One Photo Focus – September 2016

It is time for Stacy over at Visual Venturing, One Photo Focus Challenge.  Please make sure you click on the link to see how everyone edited the photo submitted by Stacy of Visual Venturing blog.  Here is what she says about this photo she took.

september-2016-one-photo-focus
Photo taken by Stacy Fischer https://visualventuring.com/2016/08/19/september-one-photo-focus-reveal/

I took this underexposed photo on a relatively overcast day almost two years ago while in San Francisco. The Golden Gate Bridge is the distant backdrop for Balclutha, a full-rigged ship built in 1886 and a U.S. National Historic Landmark. She is currently preserved at San Francisco’s Maritime National Historical Park and was added to the National Register of Historic Places in November 1976. Have fun, everyone!

I did a small crop and then turned it into black and white.  I did all my editing in Adobe Bridge.  Here is my interpretation of this photo.

082216cee Sept 1PF Final
Photo taken by Stacy Fischer – https://visualventuring.com/2016/08/19/september-one-photo-focus-reveal/                           Edited by Cee Neuner

Qi (energy) hugs

Cee

21 Comments

  1. Dropping the saturation and bumping up the contrast really brings out the overall detail. The enhanced detail on the bridge improves the play between it and the ship’s rigging. All together, the effect is like a 19th Century lithograph. Good work, Cee!

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  2. I love this photo… even in the original but the black & white is so much better! And of course it’s a sailing ship, one of my private fixations. 🙂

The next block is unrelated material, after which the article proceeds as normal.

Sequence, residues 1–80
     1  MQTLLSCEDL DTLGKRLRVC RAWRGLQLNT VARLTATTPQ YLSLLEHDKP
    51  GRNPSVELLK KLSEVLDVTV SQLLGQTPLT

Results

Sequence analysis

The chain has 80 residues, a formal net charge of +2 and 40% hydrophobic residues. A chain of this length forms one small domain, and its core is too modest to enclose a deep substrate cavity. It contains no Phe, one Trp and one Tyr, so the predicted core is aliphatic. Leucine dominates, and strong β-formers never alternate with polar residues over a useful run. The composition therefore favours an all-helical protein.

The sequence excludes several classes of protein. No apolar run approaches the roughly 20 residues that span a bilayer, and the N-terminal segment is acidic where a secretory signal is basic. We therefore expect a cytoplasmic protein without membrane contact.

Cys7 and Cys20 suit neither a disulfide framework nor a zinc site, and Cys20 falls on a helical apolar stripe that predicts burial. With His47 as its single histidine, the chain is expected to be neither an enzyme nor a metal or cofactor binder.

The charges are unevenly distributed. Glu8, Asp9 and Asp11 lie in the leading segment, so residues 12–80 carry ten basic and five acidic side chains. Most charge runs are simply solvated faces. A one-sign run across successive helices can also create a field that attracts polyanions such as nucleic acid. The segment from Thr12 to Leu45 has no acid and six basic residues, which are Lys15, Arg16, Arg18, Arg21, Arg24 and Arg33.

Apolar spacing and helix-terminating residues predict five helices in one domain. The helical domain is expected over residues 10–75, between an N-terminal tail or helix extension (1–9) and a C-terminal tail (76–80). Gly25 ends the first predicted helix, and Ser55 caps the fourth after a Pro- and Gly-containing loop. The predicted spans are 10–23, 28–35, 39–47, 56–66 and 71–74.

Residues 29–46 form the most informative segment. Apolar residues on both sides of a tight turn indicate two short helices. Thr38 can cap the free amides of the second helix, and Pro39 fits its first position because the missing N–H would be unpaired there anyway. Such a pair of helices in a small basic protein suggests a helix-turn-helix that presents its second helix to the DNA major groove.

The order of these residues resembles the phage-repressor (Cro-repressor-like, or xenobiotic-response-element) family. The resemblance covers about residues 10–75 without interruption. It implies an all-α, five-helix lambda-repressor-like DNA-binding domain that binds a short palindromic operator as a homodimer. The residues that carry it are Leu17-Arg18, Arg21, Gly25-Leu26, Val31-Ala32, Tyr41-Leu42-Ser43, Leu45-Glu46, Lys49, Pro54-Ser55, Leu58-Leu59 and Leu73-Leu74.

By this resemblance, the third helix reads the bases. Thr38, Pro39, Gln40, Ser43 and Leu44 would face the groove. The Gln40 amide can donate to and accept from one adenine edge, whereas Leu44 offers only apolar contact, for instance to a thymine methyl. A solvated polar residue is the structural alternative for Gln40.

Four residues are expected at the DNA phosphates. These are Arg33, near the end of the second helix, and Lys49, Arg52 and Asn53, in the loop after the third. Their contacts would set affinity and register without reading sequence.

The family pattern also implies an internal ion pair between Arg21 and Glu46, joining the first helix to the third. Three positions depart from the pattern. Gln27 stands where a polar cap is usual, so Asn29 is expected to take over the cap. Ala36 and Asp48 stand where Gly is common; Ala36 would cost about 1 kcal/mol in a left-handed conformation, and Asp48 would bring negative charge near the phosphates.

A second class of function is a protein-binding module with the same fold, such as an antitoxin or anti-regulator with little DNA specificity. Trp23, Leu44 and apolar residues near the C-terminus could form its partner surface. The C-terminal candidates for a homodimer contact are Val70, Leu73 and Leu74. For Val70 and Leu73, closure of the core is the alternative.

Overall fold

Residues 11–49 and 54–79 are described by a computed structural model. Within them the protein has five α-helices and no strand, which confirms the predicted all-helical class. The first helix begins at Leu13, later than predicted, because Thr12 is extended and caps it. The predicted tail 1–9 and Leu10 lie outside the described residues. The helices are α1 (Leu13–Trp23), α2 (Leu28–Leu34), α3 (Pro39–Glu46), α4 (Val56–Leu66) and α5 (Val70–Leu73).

I’m going to show my complete ignorance here but why is the original photo described as underexposed? I mean it’s a bit lifeless but that’s because of the cloudy weather (we’ve got plenty of those hereabouts). What should it have looked like if it wasn’t underexposed? And how do you avoid underexposing a picture? Lots of my photos come out like that because of the weather so that I have often felt that it was a waste to take pictures on cloudy days – I’d love to know how to make them good regardless of the weather!

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    1. Good question, but a very complicated answer. For the most part, shady or cloudy days you are most likely going to get an underexposed photo. Meaning not enough light will be coming into your camera. There are ways of dealing with it on your camera and in post processing. I usually deal with most of it during post processing.

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      1. I’ve got a better camera now – I only used to have point and shoot cameras but now I “inherited” my husband’s which has proper settings… I had to buy a manual to learn how to use it a d it’s like 400 pages! I’m working my through it. 🙂 Maybe when I get to the appropriate chapter…

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